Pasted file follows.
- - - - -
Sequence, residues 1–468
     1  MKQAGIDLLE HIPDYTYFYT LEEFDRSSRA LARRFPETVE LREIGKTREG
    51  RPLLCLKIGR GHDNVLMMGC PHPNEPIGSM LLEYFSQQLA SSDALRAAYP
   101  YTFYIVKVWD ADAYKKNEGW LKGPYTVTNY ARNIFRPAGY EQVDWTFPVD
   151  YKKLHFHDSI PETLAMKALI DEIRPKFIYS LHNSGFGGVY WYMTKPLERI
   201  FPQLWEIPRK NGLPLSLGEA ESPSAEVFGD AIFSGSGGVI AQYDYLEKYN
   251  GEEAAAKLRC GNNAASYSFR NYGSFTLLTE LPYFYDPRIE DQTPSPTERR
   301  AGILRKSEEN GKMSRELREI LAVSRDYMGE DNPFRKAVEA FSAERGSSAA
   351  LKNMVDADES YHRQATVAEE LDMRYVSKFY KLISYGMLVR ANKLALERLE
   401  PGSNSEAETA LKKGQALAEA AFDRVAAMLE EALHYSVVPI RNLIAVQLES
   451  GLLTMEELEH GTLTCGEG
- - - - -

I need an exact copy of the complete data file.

Sequence, residues 1–468
     1  MKQAGIDLLE HIPDYTYFYT LEEFDRSSRA LARRFPETVE LREIGKTREG
    51  RPLLCLKIGR GHDNVLMMGC PHPNEPIGSM LLEYFSQQLA SSDALRAAYP
   101  YTFYIVKVWD ADAYKKNEGW LKGPYTVTNY ARNIFRPAGY EQVDWTFPVD
   151  YKKLHFHDSI PETLAMKALI DEIRPKFIYS LHNSGFGGVY WYMTKPLERI
   201  FPQLWEIPRK NGLPLSLGEA ESPSAEVFGD AIFSGSGGVI AQYDYLEKYN
   251  GEEAAAKLRC GNNAASYSFR NYGSFTLLTE LPYFYDPRIE DQTPSPTERR
   301  AGILRKSEEN GKMSRELREI LAVSRDYMGE DNPFRKAVEA FSAERGSSAA
   351  LKNMVDADES YHRQATVAEE LDMRYVSKFY KLISYGMLVR ANKLALERLE
   401  PGSNSEAETA LKKGQALAEA AFDRVAAMLE EALHYSVVPI RNLIAVQLES
   451  GLLTMEELEH GTLTCGEG